Radiohead - Jigsaw falling into place

Bill Cummings 17/01/2008

Rating: 4/5

When Radiohead made their latest album “In Rainbows” available to download for "whatever you were willing to pay for it" back at the beginning of December 07, it was seen as the beginning of a revolution in musical distribution by larger acts. In reality it was just a brave reflection of the way music is increasingly shared and consumed by music listeners, it was a clever slight of hand leaking it before it could be leaked online, by a band who have often been ahead of the curve. Leaving EMI and being between labels presumably freed up the band and allowed them to try such an experiment, it also felt like an attempt to get a record out there in a timely fashion. This was more in keeping with the DIY back to basics way it had been produced, it was the sound of a band increasingly comfortable in their own skin, stripping away the unusual sounds that inhabited much of Kid A or last album Hail To The Thief, but retaining the sense of experimentation with rhythm and form that Radiohead have pioneered in recent years. It felt like a fresh sentiment, an organic, airy album full of time changes, human instrumentation and subtle melodies that were allowed space to breathe and seep their way into your brain on repeated listens.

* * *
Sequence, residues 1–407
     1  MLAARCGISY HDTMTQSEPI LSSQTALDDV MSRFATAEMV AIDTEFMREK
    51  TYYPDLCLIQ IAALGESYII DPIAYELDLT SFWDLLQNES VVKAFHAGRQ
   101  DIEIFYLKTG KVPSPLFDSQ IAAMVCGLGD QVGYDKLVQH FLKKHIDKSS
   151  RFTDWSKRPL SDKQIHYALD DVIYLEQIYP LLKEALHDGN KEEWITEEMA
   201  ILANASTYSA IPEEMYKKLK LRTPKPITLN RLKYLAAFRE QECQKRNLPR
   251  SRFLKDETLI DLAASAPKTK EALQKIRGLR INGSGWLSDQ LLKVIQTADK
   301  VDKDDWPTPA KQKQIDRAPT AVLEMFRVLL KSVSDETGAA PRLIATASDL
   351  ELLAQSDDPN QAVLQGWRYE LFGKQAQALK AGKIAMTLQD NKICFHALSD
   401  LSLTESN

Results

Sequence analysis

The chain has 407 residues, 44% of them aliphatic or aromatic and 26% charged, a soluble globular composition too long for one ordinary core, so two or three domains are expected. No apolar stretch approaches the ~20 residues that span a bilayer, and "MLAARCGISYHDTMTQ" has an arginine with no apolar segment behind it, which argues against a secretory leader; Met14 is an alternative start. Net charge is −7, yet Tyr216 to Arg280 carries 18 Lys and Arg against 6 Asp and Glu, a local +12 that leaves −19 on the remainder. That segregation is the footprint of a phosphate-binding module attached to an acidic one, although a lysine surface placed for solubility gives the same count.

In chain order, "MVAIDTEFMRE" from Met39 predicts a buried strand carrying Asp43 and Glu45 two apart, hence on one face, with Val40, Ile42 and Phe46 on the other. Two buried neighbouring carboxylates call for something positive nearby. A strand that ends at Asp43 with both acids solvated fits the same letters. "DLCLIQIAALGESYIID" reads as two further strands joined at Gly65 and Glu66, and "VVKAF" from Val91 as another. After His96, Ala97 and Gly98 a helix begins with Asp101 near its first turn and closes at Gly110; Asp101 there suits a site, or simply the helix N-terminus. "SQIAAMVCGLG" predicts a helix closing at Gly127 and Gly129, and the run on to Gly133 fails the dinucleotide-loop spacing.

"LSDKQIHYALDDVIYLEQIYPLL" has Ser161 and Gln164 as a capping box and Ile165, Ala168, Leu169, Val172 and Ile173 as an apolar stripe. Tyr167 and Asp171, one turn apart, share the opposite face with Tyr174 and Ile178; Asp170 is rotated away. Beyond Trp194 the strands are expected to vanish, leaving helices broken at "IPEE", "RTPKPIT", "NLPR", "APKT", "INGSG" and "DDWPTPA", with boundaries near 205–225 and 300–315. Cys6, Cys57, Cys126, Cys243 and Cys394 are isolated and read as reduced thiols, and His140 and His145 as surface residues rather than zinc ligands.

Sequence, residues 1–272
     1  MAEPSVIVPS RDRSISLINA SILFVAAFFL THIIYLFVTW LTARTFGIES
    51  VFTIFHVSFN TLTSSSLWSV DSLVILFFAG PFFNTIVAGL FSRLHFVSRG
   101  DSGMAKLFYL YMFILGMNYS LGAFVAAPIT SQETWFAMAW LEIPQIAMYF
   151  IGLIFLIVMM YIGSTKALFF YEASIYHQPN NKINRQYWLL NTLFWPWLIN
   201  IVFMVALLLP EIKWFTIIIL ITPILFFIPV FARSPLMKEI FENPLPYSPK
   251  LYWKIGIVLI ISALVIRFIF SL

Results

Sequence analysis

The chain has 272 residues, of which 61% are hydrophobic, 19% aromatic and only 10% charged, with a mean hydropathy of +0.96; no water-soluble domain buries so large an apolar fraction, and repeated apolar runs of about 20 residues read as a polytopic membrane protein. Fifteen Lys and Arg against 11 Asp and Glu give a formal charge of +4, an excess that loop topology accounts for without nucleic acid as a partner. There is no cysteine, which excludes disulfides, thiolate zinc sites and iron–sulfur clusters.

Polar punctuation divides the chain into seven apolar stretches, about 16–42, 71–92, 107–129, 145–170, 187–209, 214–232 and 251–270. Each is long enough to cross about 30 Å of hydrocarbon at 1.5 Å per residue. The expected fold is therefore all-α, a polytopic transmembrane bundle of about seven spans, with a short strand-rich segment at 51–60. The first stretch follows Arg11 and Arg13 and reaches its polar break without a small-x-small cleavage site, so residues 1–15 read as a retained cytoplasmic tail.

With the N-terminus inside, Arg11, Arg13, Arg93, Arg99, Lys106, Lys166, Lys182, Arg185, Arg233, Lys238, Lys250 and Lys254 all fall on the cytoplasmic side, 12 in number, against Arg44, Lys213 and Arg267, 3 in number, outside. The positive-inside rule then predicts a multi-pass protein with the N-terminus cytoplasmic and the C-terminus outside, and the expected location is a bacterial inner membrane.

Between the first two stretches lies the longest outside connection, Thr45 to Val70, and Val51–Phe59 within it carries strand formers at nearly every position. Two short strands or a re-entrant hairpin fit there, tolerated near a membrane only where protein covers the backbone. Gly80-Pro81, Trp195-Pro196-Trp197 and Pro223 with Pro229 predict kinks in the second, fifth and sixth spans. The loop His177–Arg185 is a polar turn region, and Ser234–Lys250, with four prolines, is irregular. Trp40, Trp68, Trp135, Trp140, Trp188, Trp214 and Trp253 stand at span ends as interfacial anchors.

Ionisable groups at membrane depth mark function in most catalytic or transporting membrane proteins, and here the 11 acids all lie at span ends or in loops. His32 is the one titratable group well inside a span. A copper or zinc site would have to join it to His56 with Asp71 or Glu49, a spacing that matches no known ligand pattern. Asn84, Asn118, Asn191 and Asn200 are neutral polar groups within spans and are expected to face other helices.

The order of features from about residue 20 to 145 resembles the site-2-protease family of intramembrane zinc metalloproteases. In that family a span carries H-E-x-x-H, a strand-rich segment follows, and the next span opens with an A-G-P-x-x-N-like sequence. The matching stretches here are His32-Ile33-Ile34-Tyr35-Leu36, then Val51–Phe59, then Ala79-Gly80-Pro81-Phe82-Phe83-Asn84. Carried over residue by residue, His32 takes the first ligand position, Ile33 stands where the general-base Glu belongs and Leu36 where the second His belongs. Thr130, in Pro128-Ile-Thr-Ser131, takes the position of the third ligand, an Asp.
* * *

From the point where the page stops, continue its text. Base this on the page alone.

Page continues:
For an album that is very much a mood piece full of songs that flow into each other, rather than a series of individual songs, it was hard to see which song would be plucked as the first single, but in the US did its work and a chart dictated that one of the more immediate cuts “Jigsaw...” had racked up the most plays so it was deemed. Really, it's because it's a refreshing beast of a song that delightfully uncoils, ushered in by sighing moans, a dexterous bass line and jazzy, twisting acoustic guitar notes that snake their way through its clicking propelling rhythm. “Jigsaw....” sees Thom Yorke in that most unusual of positions (for a Radiohead song), on a "date." Twitching observational thoughts swirl around your subconscious, delivered in a deadpan hypnotic tone, the rhythm builds and builds allowing York to finally unfurl his trademark rasp with cut up violent imagery ("What's the point of instruments/ Words are a sawed off shotgun") before they're all lost in a mess of bodies on the dance floor and the song gets "lost between the notes," self reflexive of the song's almost mantra-like rhythmic powers. Suddenly, it's all over, a night of intense anticipation, excitement and disappointment...a typical date if you ask me...